SRIA 2025 Theme C - Water Value and Usage

The sustainable use and preservation of natural water resources is becoming more and more relevant in the face of population growth, climate change and urbanisation. As the population expands, demands on water, energy, food and ecosystems and geosystems are all set to significantly increase. Agricultural irrigation accounts for 70% of water use worldwide. Overabstraction of groundwaters has led to deficits in freshwater, the dropping of water tables and, in coastal areas, the introduction of saltwater intrusion, which degrades groundwater. This is exacerbated by climate change effects (drought and floods) and urbanisation. Ecosystems are also under threat, as many wetlands are in decline in terms of the services they provide. The reuse of water, particularly waste water, has been cited as an option to close the loop in terms of the circular economy. Putting a price on water increases its value. However, it can also exclude marginalised or vulnerable groups in terms of access to water. Research outcomes in this theme can lead to new ways of thinking and technological developments that contribute to improving water and waste water quality and mitigating negative impacts through better processes and better data. This is required to generate a real circular economy market. New concepts to balance conflicting goals are beneficial, for example water as a resource for human needs/infrastructure versus biodiversity and ecosystem functions. This would help create a more water-wise and water-smart society.
There are considerable knowledge gaps in the reuse of treated water and the impact on water quality. Both the Urban Waste Water Treatment Directive and the WFD promote the reuse of treated water whenever appropriate. There is, however, no EU legislation to specify the conditions for water reuse. In 2018, the EC proposed new legislative measures to incentivise the reuse of treated water while maintaining a high level of health (for both humans and the environment). This proposal builds on the 2015 Circular Economy Action Plan. To achieve this vision, improvements in technologies and materials as well as the development of new inclusive governance models and “living laboratory” pilots need to be advanced. Additional research is required to identify conditions under which reuse is not generating new environmental and health risks (greater dispersion in ecosystems of medical contaminants for instance). Governance issues need to be analysed in terms of critical analyses of the potential negative impacts of such technologies. Research in this theme can contribute to policy development, particularly for the implementation of the Drinking Water Directive, the WFD, the Urban Waste Water Treatment Directive, the EU Scarcity and Droughts Strategy and the EU proposal for regulations on water reuse. Research outcomes should serve to influence and adapt policies, and develop and enforce regulations and directives to enable water reuse technologies and improved associated governance structures. There is also a need to seek better alignment between public preferences and necessary changes (though this does not only imply increased public acceptance).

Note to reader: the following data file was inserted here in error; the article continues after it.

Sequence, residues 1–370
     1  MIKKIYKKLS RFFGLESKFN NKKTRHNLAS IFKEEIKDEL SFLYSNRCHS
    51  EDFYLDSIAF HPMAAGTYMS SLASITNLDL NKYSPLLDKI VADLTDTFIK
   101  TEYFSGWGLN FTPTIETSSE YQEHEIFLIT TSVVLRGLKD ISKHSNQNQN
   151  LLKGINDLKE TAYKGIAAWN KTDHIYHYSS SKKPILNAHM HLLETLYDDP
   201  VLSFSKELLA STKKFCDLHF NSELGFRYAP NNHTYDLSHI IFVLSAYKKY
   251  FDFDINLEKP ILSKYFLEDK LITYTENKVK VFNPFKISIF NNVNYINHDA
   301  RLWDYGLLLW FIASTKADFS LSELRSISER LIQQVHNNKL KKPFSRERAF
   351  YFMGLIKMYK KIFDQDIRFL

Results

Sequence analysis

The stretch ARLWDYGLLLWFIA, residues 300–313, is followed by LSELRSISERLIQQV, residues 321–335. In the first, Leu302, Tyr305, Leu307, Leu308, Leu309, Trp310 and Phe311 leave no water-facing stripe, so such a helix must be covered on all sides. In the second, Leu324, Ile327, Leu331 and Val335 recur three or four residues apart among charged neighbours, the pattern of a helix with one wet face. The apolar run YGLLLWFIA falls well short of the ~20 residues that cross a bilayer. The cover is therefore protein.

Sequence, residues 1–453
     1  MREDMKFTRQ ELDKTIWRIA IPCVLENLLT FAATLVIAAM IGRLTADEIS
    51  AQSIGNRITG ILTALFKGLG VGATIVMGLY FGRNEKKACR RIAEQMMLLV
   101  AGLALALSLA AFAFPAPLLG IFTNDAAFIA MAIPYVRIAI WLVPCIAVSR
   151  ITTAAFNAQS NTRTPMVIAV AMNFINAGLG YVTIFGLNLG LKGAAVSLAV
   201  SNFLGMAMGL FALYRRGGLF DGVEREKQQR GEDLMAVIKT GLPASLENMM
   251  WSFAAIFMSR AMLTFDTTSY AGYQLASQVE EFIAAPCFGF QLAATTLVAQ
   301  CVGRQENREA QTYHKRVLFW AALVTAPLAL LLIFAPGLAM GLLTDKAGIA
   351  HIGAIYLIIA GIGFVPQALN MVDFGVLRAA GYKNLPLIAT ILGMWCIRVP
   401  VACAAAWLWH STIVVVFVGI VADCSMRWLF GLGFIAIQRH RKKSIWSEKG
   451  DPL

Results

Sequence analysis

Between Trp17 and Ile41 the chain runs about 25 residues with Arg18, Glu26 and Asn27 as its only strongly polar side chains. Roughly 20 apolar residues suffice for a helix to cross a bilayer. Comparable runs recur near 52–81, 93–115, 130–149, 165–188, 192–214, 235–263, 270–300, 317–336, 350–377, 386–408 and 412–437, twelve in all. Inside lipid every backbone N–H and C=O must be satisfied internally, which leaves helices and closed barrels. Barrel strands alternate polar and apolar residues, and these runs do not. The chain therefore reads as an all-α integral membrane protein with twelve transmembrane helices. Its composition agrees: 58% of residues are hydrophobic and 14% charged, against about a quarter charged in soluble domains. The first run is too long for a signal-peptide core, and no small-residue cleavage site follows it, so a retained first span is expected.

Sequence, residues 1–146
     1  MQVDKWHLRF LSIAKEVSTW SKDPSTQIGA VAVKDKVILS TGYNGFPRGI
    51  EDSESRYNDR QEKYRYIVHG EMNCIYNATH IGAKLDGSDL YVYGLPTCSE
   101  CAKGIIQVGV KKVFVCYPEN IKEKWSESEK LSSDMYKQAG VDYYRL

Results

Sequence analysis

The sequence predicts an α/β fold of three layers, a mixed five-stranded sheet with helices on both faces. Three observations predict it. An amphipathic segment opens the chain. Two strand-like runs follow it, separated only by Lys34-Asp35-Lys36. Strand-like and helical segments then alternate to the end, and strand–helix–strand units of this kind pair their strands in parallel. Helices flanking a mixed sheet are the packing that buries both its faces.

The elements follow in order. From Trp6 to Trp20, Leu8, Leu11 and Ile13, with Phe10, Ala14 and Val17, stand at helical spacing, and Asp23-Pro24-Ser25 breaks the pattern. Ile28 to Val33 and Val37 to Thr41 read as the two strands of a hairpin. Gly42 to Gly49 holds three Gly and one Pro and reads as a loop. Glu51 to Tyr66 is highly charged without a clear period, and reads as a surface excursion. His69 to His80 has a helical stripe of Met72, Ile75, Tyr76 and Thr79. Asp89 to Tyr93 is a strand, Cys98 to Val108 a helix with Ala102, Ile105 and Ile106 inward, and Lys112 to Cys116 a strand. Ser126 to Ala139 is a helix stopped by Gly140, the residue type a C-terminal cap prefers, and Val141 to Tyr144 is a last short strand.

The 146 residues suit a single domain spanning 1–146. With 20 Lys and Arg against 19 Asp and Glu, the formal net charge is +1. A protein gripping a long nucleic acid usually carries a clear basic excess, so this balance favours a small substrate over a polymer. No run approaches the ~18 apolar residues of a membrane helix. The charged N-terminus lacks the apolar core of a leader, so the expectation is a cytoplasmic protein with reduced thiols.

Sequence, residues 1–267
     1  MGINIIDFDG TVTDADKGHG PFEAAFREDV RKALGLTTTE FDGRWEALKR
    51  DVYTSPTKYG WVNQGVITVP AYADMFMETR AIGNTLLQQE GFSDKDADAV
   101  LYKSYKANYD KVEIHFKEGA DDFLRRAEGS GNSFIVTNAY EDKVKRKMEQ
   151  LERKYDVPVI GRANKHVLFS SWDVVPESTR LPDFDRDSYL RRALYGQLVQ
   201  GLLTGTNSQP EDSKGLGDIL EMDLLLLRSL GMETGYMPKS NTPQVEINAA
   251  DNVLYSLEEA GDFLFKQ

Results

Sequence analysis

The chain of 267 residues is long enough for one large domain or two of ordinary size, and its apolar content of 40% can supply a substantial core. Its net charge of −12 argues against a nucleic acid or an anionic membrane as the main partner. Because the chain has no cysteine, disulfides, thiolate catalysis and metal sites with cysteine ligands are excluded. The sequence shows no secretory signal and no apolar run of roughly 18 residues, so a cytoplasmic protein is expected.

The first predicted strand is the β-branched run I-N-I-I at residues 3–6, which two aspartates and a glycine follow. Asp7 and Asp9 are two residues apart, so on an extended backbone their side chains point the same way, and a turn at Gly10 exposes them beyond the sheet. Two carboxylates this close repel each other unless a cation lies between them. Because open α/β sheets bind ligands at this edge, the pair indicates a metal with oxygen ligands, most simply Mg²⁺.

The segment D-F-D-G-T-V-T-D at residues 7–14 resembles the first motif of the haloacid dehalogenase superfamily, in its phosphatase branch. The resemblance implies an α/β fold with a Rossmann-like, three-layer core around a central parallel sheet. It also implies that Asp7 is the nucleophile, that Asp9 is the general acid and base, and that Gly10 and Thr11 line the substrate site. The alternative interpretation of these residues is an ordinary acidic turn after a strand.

Theme C is composed of:

Sub-theme C.1: Future-proof water technologies, infrastructures and systems for developing climate change resilience

Sub-theme C.2: Water-smart circular economy and societies

Sub-theme C.3: Empowering the public, water users and stakeholders in valuing water

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published on 2020/11/18 11:23:00 GMT+1 last modified 2020-11-18T11:27:19+01:00